Following the United States’ brutal 2-1 extra-time loss to Belgium on Tuesday — despite an amazing performance by goalkeeper Tim Howard — fans in the U.S. are without a rooting interest in the World Cup.Actually, only some are.Casual soccer fans who supported the U.S. men’s national team may tune out now that it’s out, but many Americans will continue to watch. Which team will they cheer for? Probably one of two favorites: Brazil and Germany.FiveThirtyEight conducted a SurveyMonkey Audience poll of nearly 1,100 U.S. residents and asked them which country they were rooting for. The poll was conducted June 23 and 24, toward the end of the group stage. After recording the respondents’ first-choice country, the survey asked which country they would root for if their top choice were eliminated. This gave us a good proxy for U.S. fans’ backup teams.Nearly three out of four respondents picked the U.S. as their top team. Here are the percentages of U.S. fans who chose each nation as a backup (excluding countries with less than 1 percent support):No one country had a dominant share of U.S. fans’ support. England came out on top with 16 percent, but the Three Lions flamed out of the Cup early on. England was followed by Brazil, Germany, Italy and Mexico. Of those countries, only Brazil and Germany remain in the tournament.Not every survey respondent chose a backup country. Of those who chose the U.S. as their first choice, about 5 percent then picked either the U.S. (again) or refused to pick any country (labeled as “none”).What about those 26 percent of respondents who did not select the U.S. as their first-choice? The most-backed countries after the U.S. were Brazil (17 percent), Germany (11 percent), England (10 percent) and Mexico (7 percent).But this method of figuring out whom disappointed U.S. fans will now support is highly imperfect. The poll, conducted online, is likely to under-weight fans without reliable Internet access, as well as fans who don’t speak English. That second flaw is especially problematic, because it probably means many fans with origins in Central and South America are excluded.So, is England really the second-most-supported team among soccer fans living in the U.S.? I’m skeptical. I suspect Mexico is a better bet, with nearly 12 million individuals born in Mexico living in the U.S. as of 2011, according to the Organization for Economic Cooperation and Development’s International Migration Database.To augment our admittedly incomplete survey, we reached out to Google to find data on the top countries searched for in the U.S. Specifically, the searches tallied are for country names combined with the phrase “World Cup.” Obviously, merely searching for a country on Google isn’t the same as rooting for that country. But it’s an approximation of interest.The Google Trends team nicely summarized the most-searched-for countries on a couple of days prior to the World Cup (the tournament began June 12), as well as during the first two weeks of the tournament.Top Countries Searched on GoogleBrazil was the top country queried, although this is probably confounded by its host-country status. Those using Google to search for “Brazil World Cup” could either be interested in the tournament as a whole or in the Brazilian national team. It’s not clear.Mexico and England were the next most-sought-after countries. Mexico does better according to Google than it did in the poll, lending some credence to the idea that the English-only survey underestimates support for El Tri. But even the Google data may underestimate support for Latin American teams. The Google queries here are only for searches in English.Spain and Italy were more searched for in the first couple of weeks of the tournament, and that probably has a lot to do with them being eliminated earlier than expected. In addition to Brazil and Germany, the other highly searched country that remains in the tournament is Colombia.So, with the U.S. men out, expect a sizable number of soccer fans to be supporting Brazil and Germany through the rest of the tournament.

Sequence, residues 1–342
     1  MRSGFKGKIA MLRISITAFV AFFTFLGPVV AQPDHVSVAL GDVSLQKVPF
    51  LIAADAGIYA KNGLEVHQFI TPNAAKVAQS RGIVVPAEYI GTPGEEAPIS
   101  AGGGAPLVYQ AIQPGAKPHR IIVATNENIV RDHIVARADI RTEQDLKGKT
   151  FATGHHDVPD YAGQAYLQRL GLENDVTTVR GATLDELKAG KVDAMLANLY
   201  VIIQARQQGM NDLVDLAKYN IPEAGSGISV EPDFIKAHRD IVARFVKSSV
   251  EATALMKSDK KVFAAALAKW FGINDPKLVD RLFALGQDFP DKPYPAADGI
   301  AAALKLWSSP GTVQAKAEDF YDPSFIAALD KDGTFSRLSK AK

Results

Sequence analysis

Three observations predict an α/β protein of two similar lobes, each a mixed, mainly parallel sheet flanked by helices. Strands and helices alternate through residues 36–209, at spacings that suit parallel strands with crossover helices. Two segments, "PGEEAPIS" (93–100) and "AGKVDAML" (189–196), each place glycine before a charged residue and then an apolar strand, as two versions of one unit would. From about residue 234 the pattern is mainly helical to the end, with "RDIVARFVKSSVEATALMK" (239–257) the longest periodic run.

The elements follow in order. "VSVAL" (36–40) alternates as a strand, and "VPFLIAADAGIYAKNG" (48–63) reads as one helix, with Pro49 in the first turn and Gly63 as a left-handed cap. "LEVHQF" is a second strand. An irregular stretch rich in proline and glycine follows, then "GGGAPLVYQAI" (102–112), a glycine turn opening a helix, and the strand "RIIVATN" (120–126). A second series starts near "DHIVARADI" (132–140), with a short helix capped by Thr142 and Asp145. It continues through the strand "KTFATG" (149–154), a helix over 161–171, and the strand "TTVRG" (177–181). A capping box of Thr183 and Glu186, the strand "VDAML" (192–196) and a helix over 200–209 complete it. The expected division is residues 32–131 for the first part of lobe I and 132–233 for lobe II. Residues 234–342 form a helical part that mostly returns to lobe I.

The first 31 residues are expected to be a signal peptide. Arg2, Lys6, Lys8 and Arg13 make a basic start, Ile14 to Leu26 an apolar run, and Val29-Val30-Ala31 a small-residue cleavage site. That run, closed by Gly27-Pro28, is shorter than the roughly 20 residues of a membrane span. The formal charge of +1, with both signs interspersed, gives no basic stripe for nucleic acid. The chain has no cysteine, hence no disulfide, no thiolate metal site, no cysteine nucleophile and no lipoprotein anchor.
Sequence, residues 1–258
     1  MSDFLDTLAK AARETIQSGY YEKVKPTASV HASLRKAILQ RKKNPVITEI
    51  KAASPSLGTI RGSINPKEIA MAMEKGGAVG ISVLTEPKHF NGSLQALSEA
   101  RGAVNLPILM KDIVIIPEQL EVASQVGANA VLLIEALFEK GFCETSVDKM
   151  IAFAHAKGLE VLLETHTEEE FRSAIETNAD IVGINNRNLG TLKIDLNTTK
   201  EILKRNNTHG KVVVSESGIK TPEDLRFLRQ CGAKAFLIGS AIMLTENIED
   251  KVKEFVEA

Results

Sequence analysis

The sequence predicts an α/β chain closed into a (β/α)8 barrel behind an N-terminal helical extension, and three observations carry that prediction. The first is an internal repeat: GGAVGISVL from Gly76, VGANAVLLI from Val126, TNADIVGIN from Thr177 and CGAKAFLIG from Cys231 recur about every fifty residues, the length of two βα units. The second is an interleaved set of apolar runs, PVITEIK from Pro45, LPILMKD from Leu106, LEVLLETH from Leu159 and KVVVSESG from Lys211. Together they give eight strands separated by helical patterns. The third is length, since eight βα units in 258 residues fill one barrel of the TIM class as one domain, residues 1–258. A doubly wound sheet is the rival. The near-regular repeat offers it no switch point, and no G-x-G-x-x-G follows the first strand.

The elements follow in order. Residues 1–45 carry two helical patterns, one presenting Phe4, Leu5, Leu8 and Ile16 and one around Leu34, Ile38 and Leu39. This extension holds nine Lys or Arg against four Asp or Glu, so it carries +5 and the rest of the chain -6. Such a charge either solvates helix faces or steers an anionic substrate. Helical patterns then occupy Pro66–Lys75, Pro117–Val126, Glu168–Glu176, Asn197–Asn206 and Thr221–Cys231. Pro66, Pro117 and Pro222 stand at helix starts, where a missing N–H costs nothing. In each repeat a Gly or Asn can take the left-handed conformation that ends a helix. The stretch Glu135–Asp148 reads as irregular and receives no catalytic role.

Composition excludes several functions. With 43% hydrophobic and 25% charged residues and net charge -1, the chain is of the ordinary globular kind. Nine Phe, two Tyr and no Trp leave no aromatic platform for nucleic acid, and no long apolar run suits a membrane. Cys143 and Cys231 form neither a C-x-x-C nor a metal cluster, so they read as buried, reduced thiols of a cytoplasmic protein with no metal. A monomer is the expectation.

Senior center Amir Williams (23) averaged just 6.4 points in his final campaign at OSU.Credit: Samantha Hollingshead / Lantern photographerWhat comes to mind when I say the name Amir Williams?For me, it’s one word: disappointment.Not in the person, because the senior was always an entertaining interview and more often than not earned high praise from coach Thad Matta. But in the player.A player who was rated higher than the likes of Ben McLemore and Trey Burke and was the fifth-rated center in the 2011 recruiting class averaged just 4.8 points per game in his career and became one of the most criticized players at Ohio State in any sport.Whether it was a missed dunk, putting the ball on the floor despite being wide open under the basket, or celebrating a dunk when it doesn’t matter, the Michigan native will no longer put on the scarlet and gray, and that seems to make OSU fans happy.The only other names that come to mind when it comes to pure fan disdain toward a player at OSU were quarterbacks for the football team: Steve Bellisari and Joe Bauserman.While Bauserman did not come to Columbus as a highly touted recruit, both Bellisari — recruited by Notre Dame, Florida State and West Virginia — and Williams largely disappointed.To Williams’ credit, he stayed out of trouble off the court to our knowledge, while Bellisari’s drinking escapade just hours before his senior day added embarrassment to his lack of production on the field.For Williams, it will always be a case of what could have been, not only for him, but for the team as a whole.The Buckeyes fell to the No. 2 seed Arizona Wildcats on Saturday in the NCAA Tournament, in large part because of a lack of rebounding. The Wildcats pulled down 17 more rebounds than the Buckeyes, and OSU’s leading rebounders pulled down just four boards each.If OSU would have pulled the upset over Arizona, it would have played in-state rival Xavier and who knows what could have happened in that game.The 6-foot-11 Williams pulled down four rebounds in 24 minutes of play against the Wildcats, while 6-foot-5 guard D’Angelo Russell managed seven.Williams, who started 29 of OSU’s 35 games, did not pull down double-digit rebounds in a single game in his final campaign in Columbus.His senior center counterpart, Trey McDonald, who stands three inches shorter and did not start a single game in his OSU career, tallied 14 rebounds in a single game against Sacred Heart on Nov. 23 in 21 minutes of play.So why didn’t Williams pan out at OSU? We might never know.The curious case of Benjamin Button has nothing on Williams, whose best season came in 2013-14 when he averaged a whopping 7.8 points per game.It is hard to believe that 7.8 points per game was the ceiling for Williams in four years at OSU, but we will never know why that ended up being the high point of his career.For OSU fans, there is hope, however, as the football team was able to replace its former fan least-favorites with Craig Krenzel and Braxton Miller, respectively .So, to whomever replaces Williams, no pressure.
Ex England footballer Dion Dublin claims Bournemouth striker Callum Wilson is “definitely worth” £50m and would make Chelsea a better side if signed.The 26-year-old Wilson has netted nine league goals this season for his club but with several reports linking him for transfer to Stamford Bridge, football pundit believes he is good enough to play for Chelsea.Speaking to BBC radio, Dublin, when asked if Wilson’s rumoured move to The Blues is good, said:“Yes, he is.”Premier League Betting: Match-day 5 Stuart Heath – September 14, 2019 Going into the Premier League’s match-day five with a gap already beginning to form at the top of the league. We will take a…On the other hand, Blues striker Alvaro Morata wants to leave Chelsea as he has nodded for a switch to Sevilla, according to Guillem Balague as quoted by BBC.“Morata wants to leave Chelsea, it has not been the right club for him.“The style does not suit him and he will go back. He has said yes to Sevilla but 24 hours later Atletico Madrid said they are interested as well. Nothing has been signed.“Chelsea will let him go on loan because that is the only situation in which both Sevilla and Atletico will have him, and they will have to pay at least half of his 9m euro (£8.12m) wages until the end of the season.”